Matt Damon, Tommy Lee Jones, Alicia Vikander, Vincent Cassel, Julia Stiles, Scott Shepherd, Rhiz Ahmed

“We’re still trying to come up with a narrative for what happened,” says CIA director Scott Shepherd in the super-soldier franchise’s fifth flimsy but fun film, Jason Bourne.

Wow… Screenwriters should know better than to script lines like that. Are they just waiting for critics to call them out?

It’s especially easy when the film is a loud, entertaining – but ultimately pointless – placeholder in a franchise. This just encourages us to come up with more Bourne titles – Bourne Yesterday, Bourne Every Minute, or even Still Bourne.

Though a talented actress, Oscar nominee Alicia Vikander cannot pull off a consistent American accent. (One wonders why the writers didn't just change her character to a foreign-born CIA agent.)

Though a talented actress, Oscar nominee Alicia Vikander cannot pull off a consistent American accent. (One wonders why the writers didn’t just change her character to a foreign-born CIA agent.)

It’s not that Jason Bourne is a terrible film, per se. In fact, a chase scene through Las Vegas is actually quite fun. Most of the rest is just useless, mindless distraction – a way to blow a couple of hours. There seems to be nothing new in the genre of “programmed soldier films” (Jack Reacher, Rambo, Wolverine, lots of exploding and hand-to-hand-fights and car crashes – stuff starring Van Damme, Schwarzenegger, and various other meaty mumblers).

Jason Bourne is all about segments and sequences, not scenes. These elaborately staged moments owe more to the stunt coordinators than they do to any writer or even director Paul Greengrass (United 93, The Bourne Ultimatum, Captain Phillips). There’s no character development to speak of. This is the film Greengrass wanted to make, though; he wrote whatever there was of a script with screenwriting newcomer Christopher Rouse (the producer of Captain Phillips).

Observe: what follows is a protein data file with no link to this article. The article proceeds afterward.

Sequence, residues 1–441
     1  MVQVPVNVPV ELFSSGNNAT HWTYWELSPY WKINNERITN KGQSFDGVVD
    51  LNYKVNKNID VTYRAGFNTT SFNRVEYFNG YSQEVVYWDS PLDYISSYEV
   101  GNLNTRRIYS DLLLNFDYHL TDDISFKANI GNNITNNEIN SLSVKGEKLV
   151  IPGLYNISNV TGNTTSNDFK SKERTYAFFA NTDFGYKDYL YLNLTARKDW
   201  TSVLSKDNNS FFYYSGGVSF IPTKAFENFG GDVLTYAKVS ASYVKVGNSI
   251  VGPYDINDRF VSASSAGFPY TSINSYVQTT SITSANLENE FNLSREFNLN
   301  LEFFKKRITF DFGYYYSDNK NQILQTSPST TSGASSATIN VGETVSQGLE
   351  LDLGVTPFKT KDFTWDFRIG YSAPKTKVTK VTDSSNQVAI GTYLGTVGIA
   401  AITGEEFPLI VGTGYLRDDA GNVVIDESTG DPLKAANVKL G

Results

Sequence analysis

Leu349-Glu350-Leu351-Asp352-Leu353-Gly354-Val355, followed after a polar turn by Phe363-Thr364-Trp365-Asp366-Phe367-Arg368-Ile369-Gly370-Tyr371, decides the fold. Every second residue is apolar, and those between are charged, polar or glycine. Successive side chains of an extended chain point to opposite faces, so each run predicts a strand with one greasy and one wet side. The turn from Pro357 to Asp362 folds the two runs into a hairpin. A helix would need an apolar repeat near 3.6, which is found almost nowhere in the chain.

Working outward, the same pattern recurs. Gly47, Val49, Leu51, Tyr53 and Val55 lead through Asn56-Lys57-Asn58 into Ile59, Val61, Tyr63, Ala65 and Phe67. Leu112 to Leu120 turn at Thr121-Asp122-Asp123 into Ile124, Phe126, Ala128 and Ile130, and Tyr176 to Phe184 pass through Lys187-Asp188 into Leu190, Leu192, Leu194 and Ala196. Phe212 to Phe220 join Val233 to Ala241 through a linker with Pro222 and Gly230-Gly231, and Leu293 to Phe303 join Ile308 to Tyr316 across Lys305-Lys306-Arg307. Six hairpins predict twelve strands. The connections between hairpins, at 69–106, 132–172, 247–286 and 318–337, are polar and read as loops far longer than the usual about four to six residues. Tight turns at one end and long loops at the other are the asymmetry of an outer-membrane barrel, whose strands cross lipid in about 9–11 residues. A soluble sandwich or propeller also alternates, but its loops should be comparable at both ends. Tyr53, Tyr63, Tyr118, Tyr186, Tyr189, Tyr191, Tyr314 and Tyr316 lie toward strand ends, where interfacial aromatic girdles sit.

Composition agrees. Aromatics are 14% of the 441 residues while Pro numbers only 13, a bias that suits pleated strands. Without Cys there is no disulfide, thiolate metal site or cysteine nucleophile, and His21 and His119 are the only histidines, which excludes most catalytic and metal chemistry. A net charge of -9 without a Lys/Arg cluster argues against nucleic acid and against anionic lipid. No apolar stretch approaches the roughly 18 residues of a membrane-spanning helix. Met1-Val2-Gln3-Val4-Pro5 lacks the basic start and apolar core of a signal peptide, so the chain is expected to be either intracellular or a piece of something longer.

Bourne (Damon) is still hiding. He’s also still trying to sort out how he got involved in a program that wiped out most of his memory and made him a special ops assassin. Ex-girlfriend and ex-coworker Nicky Parsons (Stiles) contacts Bourne. She’s hacked some info from the CIA that might provide answers.

Director/co-author Paul Greengrass should leave the screenwriting to better hands.

Director/co-author Paul Greengrass should leave the screenwriting to better hands.

At the same time, the CIA’S Jones and protégé Vikander are using a social media program to spy on everyone. Web designer Ahmed wants to pull out and expose the CIA’s plan.

Jones has to manage super-killer Bourne, the hack, and his new spying plan at the same time. Basically, his job sucks!

These plots never quite coalesce into a single, engaging narrative. Past Bourne films benefitted from work by writer/director Tony Gilroy (Michael Clayton), and especially Ultimatum’s polish by playwright Tom Stoppard. In Jason Bourne, the loss of good writing is palpable.

This means the characters suffer. Damon is serviceable (quite in good shape at 45), and Jones plays his typical villain with aplomb. Although they travel the world, emotionally these people don’t go anywhere. Vikander is an interesting idea, but the actress is lousy at portraying an American-born patriot; her accent is always peeking through.

Greengrass tries to rescue the film with the same camera tricks he used in the first flick. By now – 14 years later – they seem dated. The scratchy editing of flashback flicks and shaky hand-held close-ups are more annoying than edgy.

Ratings Key

See it now! Buy the DVD! Quote lines at parties!

Definitely worth the price of admission

It’s useful as a distraction

Maybe if someone else pays and you need a nap

Slightly worse than eternal damnation

And then there are the implausibilities; it almost seems obvious to mention them in a film like this.

Finally, nothing really moves the mythology forward. A few people die, but nothing really changes for our confused hero. Although there’s enough action to be distracting, Jason Bourne is sill wandering the globe, looking for that coherent narrative.

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